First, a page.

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As CBN Increases Capitalization To N500bn, Zenith, UBA, and Four More Beat the Benchmark

Apr 16, 2024 | International | 0 comments

The Central Bank of Nigeria (CBN) has announced new minimum capital requirements for banks aimed at bolstering the financial system’s resilience. This move follows the recent call for Nigerian banks to enhance their capital base to strengthen the economy.

Under the new guidelines, the minimum capital base for commercial banks with international authorization has been set at N500 billion, a significant increase from the previous N50 billion requirement for a global banking license. Similarly, the minimum capital requirement for national banks is now N200 billion, while regional banks must maintain a capital base of N50 billion.

Merchant banks are required to have a minimum capital of N50 billion, and non-interest banks with national and regional authorizations must maintain minimum capital bases of N20 billion and N10 billion, respectively.

The CBN directive emphasizes that all banks must meet these new minimum capital requirements within 24 months, starting from April 1, 2024, and ending on March 31, 2026. The announcement underscores the importance of enhancing banks’ resilience, solvency, and capacity to support Nigeria’s economic growth.

To facilitate compliance with the new requirements, banks are encouraged to consider various options, such as injecting fresh equity capital through private placements, rights issues, mergers and acquisitions, or license authorization upgrades or downgrades. The CBN also clarified that the new capital requirement would comprise paid-up capital and share premium only, excluding Additional Tier 1 (AT1) Capital.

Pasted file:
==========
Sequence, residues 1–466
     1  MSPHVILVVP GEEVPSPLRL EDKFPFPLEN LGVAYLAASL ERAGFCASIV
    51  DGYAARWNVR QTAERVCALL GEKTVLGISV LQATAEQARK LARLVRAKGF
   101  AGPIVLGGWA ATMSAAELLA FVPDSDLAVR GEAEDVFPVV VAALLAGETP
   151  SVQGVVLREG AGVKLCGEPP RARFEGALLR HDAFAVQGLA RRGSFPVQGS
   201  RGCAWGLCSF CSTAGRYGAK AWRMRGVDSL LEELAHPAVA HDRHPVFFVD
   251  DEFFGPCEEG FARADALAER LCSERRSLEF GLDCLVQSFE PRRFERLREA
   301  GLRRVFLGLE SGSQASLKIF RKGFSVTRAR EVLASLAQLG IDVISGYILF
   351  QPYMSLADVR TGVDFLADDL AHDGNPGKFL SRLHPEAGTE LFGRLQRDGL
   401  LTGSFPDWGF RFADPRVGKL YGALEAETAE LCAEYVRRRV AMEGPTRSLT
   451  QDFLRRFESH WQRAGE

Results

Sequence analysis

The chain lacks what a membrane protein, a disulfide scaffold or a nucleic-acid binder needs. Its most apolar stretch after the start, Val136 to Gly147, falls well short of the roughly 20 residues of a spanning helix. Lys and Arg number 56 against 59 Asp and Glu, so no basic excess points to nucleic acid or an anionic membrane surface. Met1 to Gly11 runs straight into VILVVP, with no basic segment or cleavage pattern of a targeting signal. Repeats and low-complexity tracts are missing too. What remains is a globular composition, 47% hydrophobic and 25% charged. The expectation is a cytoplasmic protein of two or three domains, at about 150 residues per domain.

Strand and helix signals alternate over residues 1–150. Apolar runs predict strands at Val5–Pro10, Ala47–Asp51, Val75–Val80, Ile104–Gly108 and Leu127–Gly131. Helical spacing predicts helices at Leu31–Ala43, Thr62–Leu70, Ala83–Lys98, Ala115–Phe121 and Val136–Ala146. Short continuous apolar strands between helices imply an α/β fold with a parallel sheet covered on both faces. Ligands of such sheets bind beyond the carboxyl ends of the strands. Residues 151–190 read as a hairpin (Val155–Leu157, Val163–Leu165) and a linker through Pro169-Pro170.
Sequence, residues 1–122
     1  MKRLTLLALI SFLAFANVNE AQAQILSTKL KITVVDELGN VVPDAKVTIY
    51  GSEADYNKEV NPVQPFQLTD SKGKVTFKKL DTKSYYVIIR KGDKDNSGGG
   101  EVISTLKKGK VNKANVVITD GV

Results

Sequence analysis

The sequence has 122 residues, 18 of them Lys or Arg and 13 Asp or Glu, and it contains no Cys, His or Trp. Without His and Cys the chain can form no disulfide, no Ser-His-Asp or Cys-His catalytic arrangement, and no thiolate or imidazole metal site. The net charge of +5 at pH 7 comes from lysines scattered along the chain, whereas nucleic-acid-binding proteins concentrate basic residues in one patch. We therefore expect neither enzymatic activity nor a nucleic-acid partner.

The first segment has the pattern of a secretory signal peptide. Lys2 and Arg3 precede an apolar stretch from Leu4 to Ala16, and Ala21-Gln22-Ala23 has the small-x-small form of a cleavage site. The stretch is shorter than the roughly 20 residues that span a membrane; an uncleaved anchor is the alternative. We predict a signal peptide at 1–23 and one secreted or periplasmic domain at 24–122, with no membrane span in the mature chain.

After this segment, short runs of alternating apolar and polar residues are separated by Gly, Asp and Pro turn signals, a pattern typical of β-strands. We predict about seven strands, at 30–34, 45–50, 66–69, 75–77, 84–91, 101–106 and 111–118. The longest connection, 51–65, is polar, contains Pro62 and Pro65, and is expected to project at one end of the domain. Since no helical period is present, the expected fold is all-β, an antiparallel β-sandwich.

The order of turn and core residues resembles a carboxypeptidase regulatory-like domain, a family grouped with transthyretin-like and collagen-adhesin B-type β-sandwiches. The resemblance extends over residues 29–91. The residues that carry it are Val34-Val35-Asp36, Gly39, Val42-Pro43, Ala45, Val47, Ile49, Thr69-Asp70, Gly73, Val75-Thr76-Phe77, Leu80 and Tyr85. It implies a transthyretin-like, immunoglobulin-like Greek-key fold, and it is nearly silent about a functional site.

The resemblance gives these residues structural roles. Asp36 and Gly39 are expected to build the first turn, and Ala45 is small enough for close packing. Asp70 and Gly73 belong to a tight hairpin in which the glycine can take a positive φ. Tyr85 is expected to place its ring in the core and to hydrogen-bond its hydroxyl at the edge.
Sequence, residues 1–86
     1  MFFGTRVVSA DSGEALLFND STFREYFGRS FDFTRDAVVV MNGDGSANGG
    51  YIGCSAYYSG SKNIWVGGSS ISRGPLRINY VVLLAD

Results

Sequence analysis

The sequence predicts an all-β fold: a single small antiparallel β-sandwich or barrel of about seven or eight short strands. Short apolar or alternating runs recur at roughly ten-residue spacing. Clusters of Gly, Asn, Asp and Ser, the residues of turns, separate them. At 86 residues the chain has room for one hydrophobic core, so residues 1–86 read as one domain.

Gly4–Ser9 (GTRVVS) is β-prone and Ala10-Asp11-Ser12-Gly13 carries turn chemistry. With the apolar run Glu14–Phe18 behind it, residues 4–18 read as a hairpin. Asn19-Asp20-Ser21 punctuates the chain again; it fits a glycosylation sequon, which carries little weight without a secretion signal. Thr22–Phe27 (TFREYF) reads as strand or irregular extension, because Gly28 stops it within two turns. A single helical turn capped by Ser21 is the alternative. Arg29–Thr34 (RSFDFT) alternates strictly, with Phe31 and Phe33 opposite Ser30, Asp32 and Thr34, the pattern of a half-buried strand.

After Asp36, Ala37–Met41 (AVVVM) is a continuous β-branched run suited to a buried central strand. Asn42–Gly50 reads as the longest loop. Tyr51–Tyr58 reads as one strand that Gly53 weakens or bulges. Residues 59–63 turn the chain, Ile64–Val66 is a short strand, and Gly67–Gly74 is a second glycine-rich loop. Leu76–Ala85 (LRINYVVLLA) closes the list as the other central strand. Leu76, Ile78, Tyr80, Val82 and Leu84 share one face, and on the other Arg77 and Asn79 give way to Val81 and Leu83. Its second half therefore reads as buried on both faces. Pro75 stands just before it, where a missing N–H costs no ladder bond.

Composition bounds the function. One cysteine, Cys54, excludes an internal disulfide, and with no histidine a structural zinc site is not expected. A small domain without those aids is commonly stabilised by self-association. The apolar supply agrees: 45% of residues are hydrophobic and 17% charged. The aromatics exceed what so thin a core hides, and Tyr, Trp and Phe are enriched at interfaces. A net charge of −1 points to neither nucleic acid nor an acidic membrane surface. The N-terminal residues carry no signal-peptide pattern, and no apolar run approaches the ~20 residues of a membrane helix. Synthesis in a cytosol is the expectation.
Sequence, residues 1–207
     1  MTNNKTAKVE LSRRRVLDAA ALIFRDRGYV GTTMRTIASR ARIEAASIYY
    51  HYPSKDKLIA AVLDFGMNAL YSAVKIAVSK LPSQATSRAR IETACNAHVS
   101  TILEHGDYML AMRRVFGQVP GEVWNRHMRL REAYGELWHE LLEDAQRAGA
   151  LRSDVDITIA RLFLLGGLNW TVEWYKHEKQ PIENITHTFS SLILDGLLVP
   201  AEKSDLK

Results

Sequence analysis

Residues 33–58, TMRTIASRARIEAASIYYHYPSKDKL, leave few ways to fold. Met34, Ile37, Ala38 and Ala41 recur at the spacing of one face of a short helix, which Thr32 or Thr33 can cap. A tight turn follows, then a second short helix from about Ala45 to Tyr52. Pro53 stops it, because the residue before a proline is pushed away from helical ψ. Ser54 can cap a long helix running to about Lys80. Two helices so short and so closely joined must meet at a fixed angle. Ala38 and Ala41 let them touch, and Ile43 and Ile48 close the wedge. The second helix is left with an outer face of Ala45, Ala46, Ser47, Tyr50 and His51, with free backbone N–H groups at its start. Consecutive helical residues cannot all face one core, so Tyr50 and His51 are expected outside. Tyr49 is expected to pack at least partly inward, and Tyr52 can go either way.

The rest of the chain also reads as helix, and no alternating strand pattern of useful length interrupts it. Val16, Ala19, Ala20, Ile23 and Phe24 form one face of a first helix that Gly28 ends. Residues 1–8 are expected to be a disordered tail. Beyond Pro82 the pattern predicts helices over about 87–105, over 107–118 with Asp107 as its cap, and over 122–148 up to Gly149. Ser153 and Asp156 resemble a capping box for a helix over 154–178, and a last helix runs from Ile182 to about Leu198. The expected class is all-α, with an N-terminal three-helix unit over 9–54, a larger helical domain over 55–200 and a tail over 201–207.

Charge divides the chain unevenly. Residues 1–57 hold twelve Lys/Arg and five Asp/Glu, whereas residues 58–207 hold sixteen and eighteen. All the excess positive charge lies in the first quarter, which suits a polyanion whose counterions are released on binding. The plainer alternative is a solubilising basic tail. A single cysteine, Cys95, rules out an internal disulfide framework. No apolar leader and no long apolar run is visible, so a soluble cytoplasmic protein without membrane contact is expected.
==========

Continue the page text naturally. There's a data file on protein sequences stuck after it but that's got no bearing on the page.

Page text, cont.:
Additionally, banks are required to submit an implementation plan by April 30, 2024, outlining their strategies for meeting the new capital requirements.

Several tier-1 banks, including Zenith Bank, UBA, Access Bank, and others, have already exceeded the new minimum capital threshold, demonstrating their robust financial positions. However, for banks that need to raise additional capital, options such as public offers or incorporation of foreign debt into their portfolios are available.

While the recapitalization process may lead to short-term earnings dilution, it is expected to strengthen banks’ capacity to withstand economic shocks, support larger enterprises, and improve access to credit. However, smaller banks that fail to meet the new requirements may face consolidation, resulting in a reduction in the overall number of banks in the market.

Overall, the recapitalization initiative is poised to enhance the stability and resilience of Nigeria’s banking sector, ultimately contributing to the nation’s economic development.

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